But, yes, the Dear Leader has really worked himself into an awful pickle with all this.

FGFM said...

But I do something have a problem with extrapolating the minds of the North Korean population, they're [sic] collective cultural orientation, from the propaganda. It is well known that Soviet propaganda was never really intended to convince the population. Indeed, it's [sic] very discordance with reality was part of its power, its tyrannical grip: if they could get you to acquiesce to blatant lies, myths, and fabrications, then they are half-way to your complete acquiescence in everything.

Well done.

L said...

Another witless and contentless contribution from the Inspector Clouseau (though maliciously so) of Internet message-boards.

Well done.

FGFM said...

Another witless and contentless contribution from the Inspector Clouseau (though maliciously so) of Internet message-boards.

Indeed.

L said...

I see your fellow HitchWatcher is defending her right as a white lady to call black people "niggers" at HitchWatch.

Stay classy, FGFM. Condell would be proud of you.

FGFM said...

I see your fellow HitchWatcher is defending her right as a white lady to call black people "niggers" at HitchWatch.

Indeed.

Stay classy, FGFM. Condell would be proud of you.

He should be. After all, he was a lumberjack and I went to uni!

Anonymous said...

---

For both Huxley and Orwell, one man symbolized resistance to the dehumanizing disconnection of man from his past: Shakespeare. In both writers, he stands for the highest pinnacle of human self-understanding, without which human life loses its depth and its possibility of transcendence. In Brave New World, possessing an old volume of Shakespeare that has mysteriously survived protects a man from the enfeebling effects of a purely hedonistic life. A few lines are sufficient to make him realize the superficiality of the Brave New World:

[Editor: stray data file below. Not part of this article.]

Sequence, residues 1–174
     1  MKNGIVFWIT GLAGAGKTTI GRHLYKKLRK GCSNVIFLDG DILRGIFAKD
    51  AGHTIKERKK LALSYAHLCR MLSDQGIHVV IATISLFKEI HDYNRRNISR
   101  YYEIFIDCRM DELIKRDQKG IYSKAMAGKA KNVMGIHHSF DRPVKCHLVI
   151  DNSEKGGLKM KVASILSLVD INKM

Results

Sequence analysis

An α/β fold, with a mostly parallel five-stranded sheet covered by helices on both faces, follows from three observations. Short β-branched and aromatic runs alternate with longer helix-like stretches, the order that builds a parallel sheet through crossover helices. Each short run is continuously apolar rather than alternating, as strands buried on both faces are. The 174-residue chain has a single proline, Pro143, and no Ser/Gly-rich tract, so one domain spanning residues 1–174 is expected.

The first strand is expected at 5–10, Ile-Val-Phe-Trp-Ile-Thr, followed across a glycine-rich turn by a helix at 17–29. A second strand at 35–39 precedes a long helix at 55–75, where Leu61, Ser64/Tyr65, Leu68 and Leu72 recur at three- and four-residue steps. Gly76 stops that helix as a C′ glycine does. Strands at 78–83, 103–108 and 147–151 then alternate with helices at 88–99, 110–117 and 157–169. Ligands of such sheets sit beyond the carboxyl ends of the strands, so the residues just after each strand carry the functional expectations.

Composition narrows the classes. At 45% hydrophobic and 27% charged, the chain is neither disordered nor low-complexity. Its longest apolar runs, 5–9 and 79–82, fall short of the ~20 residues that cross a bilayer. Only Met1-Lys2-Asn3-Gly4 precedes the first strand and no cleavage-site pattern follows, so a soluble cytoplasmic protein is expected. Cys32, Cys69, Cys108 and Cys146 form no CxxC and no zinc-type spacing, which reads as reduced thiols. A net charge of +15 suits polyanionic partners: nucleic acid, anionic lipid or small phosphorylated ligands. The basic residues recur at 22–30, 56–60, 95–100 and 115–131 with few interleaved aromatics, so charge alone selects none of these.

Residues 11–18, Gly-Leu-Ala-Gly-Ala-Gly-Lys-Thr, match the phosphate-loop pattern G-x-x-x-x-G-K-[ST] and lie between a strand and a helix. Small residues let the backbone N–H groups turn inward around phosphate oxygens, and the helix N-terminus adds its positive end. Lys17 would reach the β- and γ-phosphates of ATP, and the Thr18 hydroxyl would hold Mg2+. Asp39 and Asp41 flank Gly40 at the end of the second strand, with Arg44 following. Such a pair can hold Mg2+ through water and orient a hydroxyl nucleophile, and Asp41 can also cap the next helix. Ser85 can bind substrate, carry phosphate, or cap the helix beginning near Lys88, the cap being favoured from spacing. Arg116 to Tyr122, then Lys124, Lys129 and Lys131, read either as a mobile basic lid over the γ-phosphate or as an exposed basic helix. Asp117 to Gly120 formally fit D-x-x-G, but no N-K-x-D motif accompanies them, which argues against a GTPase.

Is there no pity sitting in the clouds,
That sees into the bottom of my grief?
O, sweet my mother, cast me not away!

And when Winston Smith wakes in 1984 from a dream about a time before the Revolution, when people were still human, a single word rises to his lips, for reasons that he does not understand: Shakespeare.

This scene takes me back to Pyongyang. I was in the enormous and almost deserted square in front of the Great People's Study House—all open spaces in Pyongyang remain deserted unless filled with parades of hundreds of thousands of human automata—when a young Korean slid surreptitiously up to me and asked, "Do you speak English?"

An electric moment: for in North Korea, unsupervised contact between a Korean and a foreigner is utterly unthinkable, as unthinkable as shouting, "Down with Big Brother!"

"Yes," I replied.